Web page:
What is it about your citizenship in your country that you appreciate, or even find precious? I’m sure there are many things. But how often do we take the time to think about that? Most of us have our citizenship because we were born in this country—it’s a birthright. So sometimes we may take our citizenship for granted—because it is.
June 14 is Flag Day, and of course July 4 is Independence Day. So in this time of year we should take some time to think about what our citizenship in our country means to us—the rights, the responsibilities, the blessings.
A great way to help you think about your citizenship in the United States is to hear from people who have made the choice to give up their citizenship in the country of their birth and become citizens of the U.S. It’s a long and challenging process–very important and profound for these people—to renounce their allegiance to the country of their birth and pledge allegiance to a different country.
The process of becoming a U.S. citizen is called naturalization. Our federal courts handle that process, and conduct the ceremony by which these people transfer their allegiance to the United States. If you haven’t ever seen a naturalization ceremony, you should do that sometime.
Here is a very well-done video of several naturalized citizens discussing what it meant to them to become U.S. citizens. It is titled The American Dream in Kansas: In Their Own Words. It was made for the federal district court of Kansas as a project to recognize the 150th year of the court. The first ten minutes of this video is devoted to what these naturalized citizens, originally from countries like South Korea, Russia, Sudan, India, Mexico, Pakistan, England, Ecuador, Switzerland and Canada have to say about their experience. It is moving, inspiring, poignant. It’s a great way to reflect on or generate discussion about what it means for any of us to be an American citizen.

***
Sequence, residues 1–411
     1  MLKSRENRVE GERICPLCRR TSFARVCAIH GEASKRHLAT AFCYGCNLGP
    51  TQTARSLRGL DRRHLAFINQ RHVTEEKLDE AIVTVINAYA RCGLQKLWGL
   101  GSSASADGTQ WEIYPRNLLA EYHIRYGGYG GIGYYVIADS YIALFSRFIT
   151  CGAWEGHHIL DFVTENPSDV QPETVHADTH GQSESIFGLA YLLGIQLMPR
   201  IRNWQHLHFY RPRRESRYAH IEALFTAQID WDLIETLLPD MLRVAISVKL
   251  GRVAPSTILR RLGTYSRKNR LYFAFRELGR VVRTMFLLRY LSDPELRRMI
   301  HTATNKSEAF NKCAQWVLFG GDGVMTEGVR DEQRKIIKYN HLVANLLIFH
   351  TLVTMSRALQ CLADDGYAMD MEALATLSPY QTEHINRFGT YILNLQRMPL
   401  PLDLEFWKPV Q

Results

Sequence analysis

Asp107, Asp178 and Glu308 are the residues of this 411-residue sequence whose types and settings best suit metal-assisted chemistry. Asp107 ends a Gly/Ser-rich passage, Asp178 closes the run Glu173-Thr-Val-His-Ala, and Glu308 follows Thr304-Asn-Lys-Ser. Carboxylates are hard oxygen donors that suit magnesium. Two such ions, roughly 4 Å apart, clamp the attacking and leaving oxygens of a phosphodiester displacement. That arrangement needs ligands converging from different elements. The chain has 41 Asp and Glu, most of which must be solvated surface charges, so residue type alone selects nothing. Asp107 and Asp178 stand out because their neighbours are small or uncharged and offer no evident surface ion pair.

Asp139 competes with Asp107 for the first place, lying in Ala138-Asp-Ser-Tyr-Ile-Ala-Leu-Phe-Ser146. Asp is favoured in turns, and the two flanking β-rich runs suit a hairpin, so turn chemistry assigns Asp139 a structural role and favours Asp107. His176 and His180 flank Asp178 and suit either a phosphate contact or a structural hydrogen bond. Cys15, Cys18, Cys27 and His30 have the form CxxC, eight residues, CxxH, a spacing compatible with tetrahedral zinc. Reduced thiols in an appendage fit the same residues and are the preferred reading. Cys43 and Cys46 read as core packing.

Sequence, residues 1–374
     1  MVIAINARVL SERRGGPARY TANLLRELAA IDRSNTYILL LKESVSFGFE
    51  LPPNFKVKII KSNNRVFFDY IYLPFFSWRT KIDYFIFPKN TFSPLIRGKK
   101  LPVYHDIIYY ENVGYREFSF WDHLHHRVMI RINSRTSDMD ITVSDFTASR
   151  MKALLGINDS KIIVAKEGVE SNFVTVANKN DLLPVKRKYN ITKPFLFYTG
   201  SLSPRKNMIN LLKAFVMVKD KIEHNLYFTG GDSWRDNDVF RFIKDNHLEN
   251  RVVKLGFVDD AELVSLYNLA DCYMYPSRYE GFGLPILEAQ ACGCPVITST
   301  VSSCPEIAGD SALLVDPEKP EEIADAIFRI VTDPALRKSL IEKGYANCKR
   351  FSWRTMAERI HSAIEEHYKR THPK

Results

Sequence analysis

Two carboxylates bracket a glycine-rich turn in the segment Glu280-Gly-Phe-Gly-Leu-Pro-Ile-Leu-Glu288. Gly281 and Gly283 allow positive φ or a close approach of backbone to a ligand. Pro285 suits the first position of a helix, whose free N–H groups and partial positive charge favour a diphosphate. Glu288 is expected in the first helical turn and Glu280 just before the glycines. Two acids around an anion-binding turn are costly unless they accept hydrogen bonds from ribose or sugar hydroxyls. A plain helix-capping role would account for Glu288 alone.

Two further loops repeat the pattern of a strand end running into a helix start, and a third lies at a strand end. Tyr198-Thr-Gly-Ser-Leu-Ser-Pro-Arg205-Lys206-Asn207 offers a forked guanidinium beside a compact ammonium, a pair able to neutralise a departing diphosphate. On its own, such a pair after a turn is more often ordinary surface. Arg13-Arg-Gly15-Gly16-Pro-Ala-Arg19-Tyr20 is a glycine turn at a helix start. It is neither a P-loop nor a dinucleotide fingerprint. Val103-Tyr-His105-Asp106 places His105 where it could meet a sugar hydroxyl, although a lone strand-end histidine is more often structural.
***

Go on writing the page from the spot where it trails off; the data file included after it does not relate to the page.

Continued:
Do yourself a big favor and watch the first ten minutes of this video. Use it as an opportunity for you to consider what your United States citizenship means to you.
If you can’t access the video through the text link above, copy this link and paste it into your browser: http://www.ksd.uscourts.gov/the-american-dream-in-kansas-in-their-own-words/.